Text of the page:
Despite the difficulties faced, reporters are fighting to keep journalism alive in Latin America. The creation of independent news outlets such as digital media sites presents new gateways for reporting. For instance, to keep reporting on the Nicaraguan government’s human rights violations and corruption without having to endure the dangers of reporting on the ground, journalist Jennifer Ortiz and producer Erick Muñoz created Nicaragua Investigata. Many journalists who fled the country have also created their “own brands” to keep reporting from a distance. Like former TV journalist Dino Andino, some have turned to YouTube as a refuge to start their own digital news program. Yet, if local news outlets and journalists are already struggling to report the truth freely, it is difficult to imagine how these independent news outlets can provide an efficient picture of what is happening on the ground when they are not in the country.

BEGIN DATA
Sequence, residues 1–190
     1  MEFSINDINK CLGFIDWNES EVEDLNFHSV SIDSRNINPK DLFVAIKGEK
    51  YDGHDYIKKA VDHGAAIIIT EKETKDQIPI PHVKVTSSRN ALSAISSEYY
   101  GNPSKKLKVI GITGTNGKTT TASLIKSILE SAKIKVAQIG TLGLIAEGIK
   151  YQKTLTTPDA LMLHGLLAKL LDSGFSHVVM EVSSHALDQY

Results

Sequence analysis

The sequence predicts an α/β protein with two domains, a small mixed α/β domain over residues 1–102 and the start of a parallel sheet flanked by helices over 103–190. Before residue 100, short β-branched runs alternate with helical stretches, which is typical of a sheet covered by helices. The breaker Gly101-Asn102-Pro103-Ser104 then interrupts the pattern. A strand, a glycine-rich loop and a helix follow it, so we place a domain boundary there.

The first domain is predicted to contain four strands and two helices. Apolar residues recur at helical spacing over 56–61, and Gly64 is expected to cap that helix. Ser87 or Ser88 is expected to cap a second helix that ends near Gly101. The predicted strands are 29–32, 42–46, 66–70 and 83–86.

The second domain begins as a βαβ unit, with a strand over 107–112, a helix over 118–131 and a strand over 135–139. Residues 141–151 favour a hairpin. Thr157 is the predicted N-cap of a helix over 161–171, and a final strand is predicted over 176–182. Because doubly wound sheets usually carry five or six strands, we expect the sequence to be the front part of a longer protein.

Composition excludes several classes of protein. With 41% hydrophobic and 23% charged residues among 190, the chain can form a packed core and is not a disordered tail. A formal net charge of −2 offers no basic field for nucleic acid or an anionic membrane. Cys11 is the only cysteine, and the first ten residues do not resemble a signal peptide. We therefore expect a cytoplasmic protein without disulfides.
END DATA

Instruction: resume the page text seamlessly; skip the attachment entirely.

Despite social media’s disadvantages for journalism concerning the spread of misinformation, these platforms also offer journalists and citizens alike many opportunities to show what is truthfully happening in these countries. Many journalists based abroad often use social media to reach out to civilians to get their “testimony” of what is truly happening in their country. The international community often overlooks current events in Latin American nations, making it especially important for the voices of journalism to be kept alive within the region. 

War for truth

Many consider instances of repression and censorship to be characteristic of authoritarian states. Still, when looking at recent events that have taken place around the world, freedom of the press can be threatened in any context, including consolidated democracies. Increasing polarization within American society and the proliferation of “fake news” in the US and elsewhere has made journalism more difficult yet more important than ever. The crowd present at Capitol Hill during the January 6 insurrection insulted and threatened the media. The words “murder the media” were carved into a door of the Capitol, and some chanted “CNN sucks” while destroying press equipment.